“Well, I’m glad you asked because I happen to know the answer to your fine question. Here you go, brother. Sometime after Renée won an Academy Award for her performance in the movie ‘Cold Mountain,’ she told a press member, a bit later, ‘I see the Oscar in my bedroom, and it’s like I bought it in a souvenir shop on Hollywood Boulevard.’

“Now there’s a down-to-earth lady right there,” I said. “That’s what Texas does to people. Makes them real nice to talk to.”

“That’s right. And did you know that the highest percentage of annual recruits into the United States Marine Corps are from the State of Texas. Wanna know why?”

“Why?”

“Texans are the best with guns. Marines gotta know how to shoot real well because they are the first warriors into a battle zone and they are the last warriors out of a battle zone. In that gigantic state where the cattle go on forever and where there’s some dangerous prey, they got to know how to shoot guns at any range. Short range. Mid range. Long range. Close-quarters combat (CQC) with pistols and machines guns, and then there’s sniping from longer ranges. The best damn sharpshooters I’ve ever been around. The Canadians are the best snipers in the world, but that’s another story. So, you wanna know another reason why there’s a lot of Texans in the Marines?”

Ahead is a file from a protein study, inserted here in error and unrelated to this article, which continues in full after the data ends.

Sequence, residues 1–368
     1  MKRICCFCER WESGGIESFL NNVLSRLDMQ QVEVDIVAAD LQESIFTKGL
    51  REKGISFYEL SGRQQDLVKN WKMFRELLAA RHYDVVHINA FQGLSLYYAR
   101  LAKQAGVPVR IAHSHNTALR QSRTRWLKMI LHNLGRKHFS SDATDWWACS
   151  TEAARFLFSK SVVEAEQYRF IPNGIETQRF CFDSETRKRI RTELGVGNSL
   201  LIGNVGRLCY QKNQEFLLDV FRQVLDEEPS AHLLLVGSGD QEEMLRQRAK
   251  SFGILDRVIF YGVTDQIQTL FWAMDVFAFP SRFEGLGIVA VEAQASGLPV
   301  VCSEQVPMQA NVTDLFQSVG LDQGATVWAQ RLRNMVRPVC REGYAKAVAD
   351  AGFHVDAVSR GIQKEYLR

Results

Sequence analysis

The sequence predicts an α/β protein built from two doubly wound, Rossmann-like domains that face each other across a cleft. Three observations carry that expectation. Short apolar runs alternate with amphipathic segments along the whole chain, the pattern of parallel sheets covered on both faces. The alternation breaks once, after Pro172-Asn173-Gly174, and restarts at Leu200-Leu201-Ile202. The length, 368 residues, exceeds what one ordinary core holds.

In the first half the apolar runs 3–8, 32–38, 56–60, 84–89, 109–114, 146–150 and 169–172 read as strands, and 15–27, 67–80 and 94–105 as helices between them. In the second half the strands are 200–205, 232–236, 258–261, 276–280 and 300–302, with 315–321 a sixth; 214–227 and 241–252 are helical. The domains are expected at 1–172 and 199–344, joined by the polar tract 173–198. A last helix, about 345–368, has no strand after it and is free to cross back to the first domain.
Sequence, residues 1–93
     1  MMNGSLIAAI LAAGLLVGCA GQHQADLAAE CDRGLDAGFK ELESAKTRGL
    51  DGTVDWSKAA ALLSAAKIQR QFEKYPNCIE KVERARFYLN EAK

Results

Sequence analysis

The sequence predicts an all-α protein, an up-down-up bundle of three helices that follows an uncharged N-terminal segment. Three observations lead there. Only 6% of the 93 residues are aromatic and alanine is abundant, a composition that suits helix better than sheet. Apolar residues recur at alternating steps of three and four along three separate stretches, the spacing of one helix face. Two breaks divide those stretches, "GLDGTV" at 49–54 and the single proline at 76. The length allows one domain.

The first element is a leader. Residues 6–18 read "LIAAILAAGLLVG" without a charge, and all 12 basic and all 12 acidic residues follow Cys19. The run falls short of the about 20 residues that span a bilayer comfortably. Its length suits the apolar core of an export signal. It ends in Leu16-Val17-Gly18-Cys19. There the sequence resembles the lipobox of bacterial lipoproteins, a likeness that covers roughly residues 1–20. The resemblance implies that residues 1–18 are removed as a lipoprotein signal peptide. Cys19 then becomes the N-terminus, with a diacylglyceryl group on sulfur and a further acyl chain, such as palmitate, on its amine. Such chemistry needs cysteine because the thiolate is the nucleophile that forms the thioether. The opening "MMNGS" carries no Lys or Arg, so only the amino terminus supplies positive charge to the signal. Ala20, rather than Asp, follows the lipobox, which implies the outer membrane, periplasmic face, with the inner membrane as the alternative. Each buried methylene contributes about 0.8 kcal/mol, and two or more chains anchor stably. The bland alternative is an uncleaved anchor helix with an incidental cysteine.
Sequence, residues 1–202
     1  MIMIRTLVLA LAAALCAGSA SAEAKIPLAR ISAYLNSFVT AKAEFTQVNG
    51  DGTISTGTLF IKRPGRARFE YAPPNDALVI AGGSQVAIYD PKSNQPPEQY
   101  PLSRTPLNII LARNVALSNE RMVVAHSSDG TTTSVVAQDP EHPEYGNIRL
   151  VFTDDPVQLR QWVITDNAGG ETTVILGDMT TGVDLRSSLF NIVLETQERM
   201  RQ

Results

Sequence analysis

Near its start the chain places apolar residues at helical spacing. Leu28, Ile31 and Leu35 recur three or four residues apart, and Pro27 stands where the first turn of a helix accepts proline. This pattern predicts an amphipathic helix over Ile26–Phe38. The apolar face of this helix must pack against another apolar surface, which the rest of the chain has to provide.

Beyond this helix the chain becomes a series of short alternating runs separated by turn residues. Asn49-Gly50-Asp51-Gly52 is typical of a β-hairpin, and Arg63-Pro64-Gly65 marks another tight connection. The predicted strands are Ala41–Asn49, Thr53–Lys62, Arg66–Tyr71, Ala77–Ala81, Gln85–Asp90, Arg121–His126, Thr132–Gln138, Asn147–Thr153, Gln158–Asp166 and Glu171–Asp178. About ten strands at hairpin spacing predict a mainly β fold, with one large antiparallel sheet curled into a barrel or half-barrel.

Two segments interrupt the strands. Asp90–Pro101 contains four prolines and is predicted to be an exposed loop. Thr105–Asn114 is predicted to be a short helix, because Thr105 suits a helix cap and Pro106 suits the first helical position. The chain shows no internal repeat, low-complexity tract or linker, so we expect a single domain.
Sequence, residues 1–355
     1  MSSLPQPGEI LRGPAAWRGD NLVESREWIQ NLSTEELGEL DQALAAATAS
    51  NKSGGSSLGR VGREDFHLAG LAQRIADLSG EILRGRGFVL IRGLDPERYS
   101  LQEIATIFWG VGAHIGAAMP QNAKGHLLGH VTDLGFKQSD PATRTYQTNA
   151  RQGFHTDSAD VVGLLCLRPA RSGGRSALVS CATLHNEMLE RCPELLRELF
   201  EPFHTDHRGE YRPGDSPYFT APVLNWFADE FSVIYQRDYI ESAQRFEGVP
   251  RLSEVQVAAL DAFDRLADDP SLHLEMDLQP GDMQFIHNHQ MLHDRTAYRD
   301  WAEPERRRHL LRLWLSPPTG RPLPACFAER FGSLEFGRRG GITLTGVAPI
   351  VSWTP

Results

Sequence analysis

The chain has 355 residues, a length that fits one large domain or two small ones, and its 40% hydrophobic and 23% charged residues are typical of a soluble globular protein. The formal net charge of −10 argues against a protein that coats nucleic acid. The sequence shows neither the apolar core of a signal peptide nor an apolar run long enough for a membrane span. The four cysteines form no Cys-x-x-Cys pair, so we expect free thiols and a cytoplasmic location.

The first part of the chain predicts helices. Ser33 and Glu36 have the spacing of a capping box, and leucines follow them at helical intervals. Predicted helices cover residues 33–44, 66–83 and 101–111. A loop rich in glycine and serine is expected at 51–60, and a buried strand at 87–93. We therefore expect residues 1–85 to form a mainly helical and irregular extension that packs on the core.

“What’s that?”

“Texans are the most loyal people you’ll ever find, which fits right in with two of the Marine Corps mottos: ‘Semper fi’ and ‘First to fight.” Semper fi, or Semper Fidelis, is Latin for ‘Always loyal’ or ‘Always faithful.’ The ‘first to fight’ part is self-explanatory. See what I mean?”

“I see what you mean, Sir.”

“So, anyway, we have some Magners Irish cider bottles right here in the fridge, and we’ve got some for you in the guest house too. And if some sadness hits you out of the blue and out of nowhere, like it sometimes can do to people, just wait a little while before you have a drink. Talk to God about it all first. He’s the finest wine in the world. After all, he turned the water into wine, didn’t he? I know it wasn’t Grape Gatorade. That stuff tastes lousy. Anyway, the Holy Spirit will comfort you more than anyone on the planet or all of God’s creation. Just one bottle of beer is all I’m having tonight. See what I mean? In my book, there’s no such thing as ‘those drunken Indians’ or ‘those drunken Irish’ – see what I mean? I can’t stand stereotypes. Say, I’ve got something I want to give you before you head to the guest house.”

“Oh, yeah. What’s that?”

“Well, we found this cool Johan Cruyff jersey, brand new, online, for sale. Just for you. Not the actual jersey. That would be in a museum or soccer hall of fame somewhere. We found a good replica, made by a reputable company.”